A former soldier with an alleged 'grudge' against dog walkers murdered a pensioner in a frenzied knife attack as the man walked his pets in woodland, a court was told.

When they first spotted the body police believed that 83-year-old Peter Wrighton was attacked by a wild animal, his wounds were so extensive.

But after an investigation Alexander Palmer, from Bawdeswell, Norfolk, is now charged with the murder of the retired BT engineer.

Nottingham Crown Court heard the pensioner was stabbed more than 30 times from behind last August as he walked his two dogs, Gemma and Dylan.

Unbelievably, the court was told that Palmer, 24, killed Wrighton, from Banham, Norfolk, because he has a dislike for dog walkers.

Palmer, who denies murder, left the British army in November 2015 after injuries he suffered in an assault led to mental health problems, reported the Mirror Online.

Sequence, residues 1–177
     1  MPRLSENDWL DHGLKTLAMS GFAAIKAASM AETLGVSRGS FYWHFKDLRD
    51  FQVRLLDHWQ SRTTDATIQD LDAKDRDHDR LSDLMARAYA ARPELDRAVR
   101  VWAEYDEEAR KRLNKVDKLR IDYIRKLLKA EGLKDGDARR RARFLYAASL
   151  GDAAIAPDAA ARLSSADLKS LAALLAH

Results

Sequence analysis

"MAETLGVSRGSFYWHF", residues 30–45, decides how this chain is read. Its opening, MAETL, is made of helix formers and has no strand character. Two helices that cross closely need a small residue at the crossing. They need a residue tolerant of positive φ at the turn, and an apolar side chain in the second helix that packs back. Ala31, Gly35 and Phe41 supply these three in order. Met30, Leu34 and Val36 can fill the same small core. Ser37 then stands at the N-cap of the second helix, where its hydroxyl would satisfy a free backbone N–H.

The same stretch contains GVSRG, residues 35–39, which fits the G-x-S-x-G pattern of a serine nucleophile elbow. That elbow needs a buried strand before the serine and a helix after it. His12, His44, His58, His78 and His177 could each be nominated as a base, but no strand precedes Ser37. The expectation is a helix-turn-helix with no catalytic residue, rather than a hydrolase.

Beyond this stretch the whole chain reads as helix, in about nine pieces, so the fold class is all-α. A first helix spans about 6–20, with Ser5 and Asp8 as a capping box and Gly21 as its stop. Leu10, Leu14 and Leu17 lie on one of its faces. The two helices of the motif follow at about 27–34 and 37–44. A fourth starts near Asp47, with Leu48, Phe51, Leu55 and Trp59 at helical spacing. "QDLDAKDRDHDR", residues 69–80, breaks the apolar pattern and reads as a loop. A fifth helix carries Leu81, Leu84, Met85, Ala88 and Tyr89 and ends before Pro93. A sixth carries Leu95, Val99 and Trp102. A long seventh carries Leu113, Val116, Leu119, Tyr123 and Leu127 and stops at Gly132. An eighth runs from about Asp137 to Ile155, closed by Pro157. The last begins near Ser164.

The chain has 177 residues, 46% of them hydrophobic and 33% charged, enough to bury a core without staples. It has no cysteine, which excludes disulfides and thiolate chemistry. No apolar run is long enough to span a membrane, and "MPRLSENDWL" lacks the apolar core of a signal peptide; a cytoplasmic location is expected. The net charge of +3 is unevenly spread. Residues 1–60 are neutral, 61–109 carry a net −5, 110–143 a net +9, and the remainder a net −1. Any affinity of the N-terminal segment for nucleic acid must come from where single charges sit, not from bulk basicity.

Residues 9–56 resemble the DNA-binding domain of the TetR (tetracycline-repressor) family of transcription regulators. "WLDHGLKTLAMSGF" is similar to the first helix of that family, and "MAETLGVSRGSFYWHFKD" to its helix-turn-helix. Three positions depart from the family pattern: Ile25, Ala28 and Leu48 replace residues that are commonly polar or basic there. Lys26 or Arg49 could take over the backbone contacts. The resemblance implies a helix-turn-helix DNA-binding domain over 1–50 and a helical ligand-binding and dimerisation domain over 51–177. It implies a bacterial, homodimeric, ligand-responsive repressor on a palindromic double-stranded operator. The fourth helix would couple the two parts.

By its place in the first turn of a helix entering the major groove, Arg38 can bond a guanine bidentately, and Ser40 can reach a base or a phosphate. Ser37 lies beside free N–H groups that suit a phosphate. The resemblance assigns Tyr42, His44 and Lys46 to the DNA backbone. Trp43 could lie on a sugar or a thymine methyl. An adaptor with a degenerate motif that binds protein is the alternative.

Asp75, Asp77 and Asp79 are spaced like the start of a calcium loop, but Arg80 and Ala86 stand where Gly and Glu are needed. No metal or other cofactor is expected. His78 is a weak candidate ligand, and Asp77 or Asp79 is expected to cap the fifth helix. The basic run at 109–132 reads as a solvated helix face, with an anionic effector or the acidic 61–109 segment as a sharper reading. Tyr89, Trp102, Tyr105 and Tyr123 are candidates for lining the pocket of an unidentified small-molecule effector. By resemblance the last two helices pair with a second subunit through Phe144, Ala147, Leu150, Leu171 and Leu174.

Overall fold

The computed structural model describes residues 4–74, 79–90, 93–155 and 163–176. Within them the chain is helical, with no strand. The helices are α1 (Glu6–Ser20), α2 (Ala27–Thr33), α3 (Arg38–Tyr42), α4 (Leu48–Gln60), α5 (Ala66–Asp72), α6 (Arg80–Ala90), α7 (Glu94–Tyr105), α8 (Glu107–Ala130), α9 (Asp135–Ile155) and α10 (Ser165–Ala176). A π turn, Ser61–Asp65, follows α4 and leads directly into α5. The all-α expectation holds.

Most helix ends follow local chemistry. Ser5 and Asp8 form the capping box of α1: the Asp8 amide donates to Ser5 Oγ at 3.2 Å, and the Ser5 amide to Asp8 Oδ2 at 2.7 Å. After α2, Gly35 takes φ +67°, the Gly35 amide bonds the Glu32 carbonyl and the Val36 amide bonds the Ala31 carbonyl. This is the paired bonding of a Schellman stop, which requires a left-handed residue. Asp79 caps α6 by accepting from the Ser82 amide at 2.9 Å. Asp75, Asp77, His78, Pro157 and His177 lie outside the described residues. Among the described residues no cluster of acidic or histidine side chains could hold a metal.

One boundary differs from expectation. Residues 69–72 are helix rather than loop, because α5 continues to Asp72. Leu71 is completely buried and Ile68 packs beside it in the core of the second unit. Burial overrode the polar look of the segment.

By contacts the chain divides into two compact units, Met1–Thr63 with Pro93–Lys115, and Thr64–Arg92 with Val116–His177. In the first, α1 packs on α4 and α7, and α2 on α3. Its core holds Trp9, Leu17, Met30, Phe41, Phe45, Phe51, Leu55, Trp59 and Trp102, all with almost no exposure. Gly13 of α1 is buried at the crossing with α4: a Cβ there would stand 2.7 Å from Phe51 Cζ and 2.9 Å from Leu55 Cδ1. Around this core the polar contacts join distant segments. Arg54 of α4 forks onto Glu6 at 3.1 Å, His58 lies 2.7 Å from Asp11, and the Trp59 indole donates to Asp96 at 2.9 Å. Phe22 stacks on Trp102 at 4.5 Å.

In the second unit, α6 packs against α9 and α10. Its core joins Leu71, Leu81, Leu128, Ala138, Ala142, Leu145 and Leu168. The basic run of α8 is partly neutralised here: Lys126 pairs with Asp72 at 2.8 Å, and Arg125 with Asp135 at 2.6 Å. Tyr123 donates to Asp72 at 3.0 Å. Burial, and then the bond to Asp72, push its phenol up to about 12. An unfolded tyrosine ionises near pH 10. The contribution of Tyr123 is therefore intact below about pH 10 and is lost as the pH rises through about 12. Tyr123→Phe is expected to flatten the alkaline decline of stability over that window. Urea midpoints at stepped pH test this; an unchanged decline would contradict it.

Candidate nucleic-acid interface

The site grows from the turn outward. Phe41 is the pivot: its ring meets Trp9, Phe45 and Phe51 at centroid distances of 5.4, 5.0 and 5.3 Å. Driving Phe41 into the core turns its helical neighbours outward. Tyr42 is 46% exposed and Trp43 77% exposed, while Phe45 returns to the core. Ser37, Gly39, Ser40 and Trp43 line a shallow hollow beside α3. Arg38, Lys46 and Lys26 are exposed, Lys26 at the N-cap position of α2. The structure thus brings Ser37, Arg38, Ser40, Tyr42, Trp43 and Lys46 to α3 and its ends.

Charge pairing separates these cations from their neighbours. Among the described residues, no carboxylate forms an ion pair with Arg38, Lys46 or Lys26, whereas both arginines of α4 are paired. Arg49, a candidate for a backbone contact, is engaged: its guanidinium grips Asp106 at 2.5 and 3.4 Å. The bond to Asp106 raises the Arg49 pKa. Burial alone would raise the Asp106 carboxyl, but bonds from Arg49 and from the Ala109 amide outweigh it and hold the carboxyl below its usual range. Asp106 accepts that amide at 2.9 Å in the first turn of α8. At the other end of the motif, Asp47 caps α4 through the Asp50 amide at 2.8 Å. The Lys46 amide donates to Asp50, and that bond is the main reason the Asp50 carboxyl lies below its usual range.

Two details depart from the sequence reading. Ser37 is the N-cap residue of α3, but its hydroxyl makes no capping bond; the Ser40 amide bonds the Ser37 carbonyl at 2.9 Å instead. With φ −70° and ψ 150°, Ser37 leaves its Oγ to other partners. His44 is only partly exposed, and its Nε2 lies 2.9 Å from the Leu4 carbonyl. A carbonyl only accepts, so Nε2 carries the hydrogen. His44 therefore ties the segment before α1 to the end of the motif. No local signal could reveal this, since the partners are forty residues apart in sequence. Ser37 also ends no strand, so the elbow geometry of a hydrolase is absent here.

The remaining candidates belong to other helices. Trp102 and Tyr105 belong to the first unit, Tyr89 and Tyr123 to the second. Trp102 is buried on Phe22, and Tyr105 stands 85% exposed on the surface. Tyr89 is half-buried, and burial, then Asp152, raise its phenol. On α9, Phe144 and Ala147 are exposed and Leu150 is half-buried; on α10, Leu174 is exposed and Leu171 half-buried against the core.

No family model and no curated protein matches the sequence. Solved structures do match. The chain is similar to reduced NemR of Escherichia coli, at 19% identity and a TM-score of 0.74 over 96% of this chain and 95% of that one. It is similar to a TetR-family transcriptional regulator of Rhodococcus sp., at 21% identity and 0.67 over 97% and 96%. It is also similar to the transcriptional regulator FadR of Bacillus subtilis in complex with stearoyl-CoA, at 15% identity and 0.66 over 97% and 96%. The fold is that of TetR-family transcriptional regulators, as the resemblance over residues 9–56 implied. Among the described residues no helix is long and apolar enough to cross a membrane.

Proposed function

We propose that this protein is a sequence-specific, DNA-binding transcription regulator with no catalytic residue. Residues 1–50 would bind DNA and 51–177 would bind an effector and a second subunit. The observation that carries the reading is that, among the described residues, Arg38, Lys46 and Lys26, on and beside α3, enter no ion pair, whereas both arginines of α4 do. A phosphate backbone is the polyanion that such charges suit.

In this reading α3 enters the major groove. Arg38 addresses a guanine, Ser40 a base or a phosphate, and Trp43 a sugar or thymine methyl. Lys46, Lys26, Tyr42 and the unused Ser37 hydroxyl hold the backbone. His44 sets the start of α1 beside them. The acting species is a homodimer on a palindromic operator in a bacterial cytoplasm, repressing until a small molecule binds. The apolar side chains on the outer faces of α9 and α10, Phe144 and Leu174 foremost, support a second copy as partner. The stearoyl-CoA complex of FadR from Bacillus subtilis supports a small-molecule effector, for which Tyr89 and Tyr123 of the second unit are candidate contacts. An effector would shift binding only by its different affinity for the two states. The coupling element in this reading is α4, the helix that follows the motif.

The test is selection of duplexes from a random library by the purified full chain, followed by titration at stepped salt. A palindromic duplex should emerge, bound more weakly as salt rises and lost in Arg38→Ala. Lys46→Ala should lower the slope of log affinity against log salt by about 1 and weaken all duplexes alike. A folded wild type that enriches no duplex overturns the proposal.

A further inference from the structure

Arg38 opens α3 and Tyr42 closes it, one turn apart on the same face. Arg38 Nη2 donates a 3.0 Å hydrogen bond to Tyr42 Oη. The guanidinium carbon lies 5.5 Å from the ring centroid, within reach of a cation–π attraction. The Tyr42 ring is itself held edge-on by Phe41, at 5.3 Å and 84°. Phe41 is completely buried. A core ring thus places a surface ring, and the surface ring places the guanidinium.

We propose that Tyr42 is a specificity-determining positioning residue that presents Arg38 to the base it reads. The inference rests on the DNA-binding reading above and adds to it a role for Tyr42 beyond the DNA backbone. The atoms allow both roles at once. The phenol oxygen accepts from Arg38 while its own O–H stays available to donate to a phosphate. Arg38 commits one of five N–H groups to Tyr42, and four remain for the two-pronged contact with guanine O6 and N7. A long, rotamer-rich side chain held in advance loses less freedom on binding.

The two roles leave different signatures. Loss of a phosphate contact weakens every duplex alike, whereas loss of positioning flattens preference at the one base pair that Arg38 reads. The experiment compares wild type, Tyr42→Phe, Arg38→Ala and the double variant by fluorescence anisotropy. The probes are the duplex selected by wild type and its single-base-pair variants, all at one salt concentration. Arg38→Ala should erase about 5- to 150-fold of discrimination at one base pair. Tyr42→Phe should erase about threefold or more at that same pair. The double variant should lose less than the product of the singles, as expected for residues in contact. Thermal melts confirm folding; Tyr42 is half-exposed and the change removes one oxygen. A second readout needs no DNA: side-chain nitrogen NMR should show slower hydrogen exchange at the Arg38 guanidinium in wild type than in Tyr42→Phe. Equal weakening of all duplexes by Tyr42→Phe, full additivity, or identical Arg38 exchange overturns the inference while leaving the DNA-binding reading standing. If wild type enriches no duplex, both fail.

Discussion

Prosecuting Stephen Spence said Wrighton, who was married to his wife Anne for 53 years, drove to The Heath in his red Skoda and was attacked while he was walking his dogs.

Spence said: "The murderer, it seems, took him by surprise, probably attacking from behind and using a knife cut to repeatedly at his throat."

The jury was told that the father-of-two suffered injuries so severe "his head was almost severed from his body" as he was stabbed in neck and head.

Peter Wrighton murder
Police have appealed for witnesses after pensioner Peter Wrighton, 83, was found stabbed to death in woodland Norfolk Police

Spence continued: "There were injuries suggesting Mr Wrighton might have tried to defend himself, put up a fight, but without much success."

The court was told that Palmer told doctors at RAF Marham he heard voices in his head from a person called "Little Alex" urging him to kill and had spoken about wanting to attack strangers and dog walkers.

"There were a number of references made to attacks to the throat," said Spence. "He appeared to have some ill feeling or a grudge towards dog walkers.

"Of note is his desire to kill strangers, dog walkers, who seemed to be a particular bugbear of his."

The trial continues.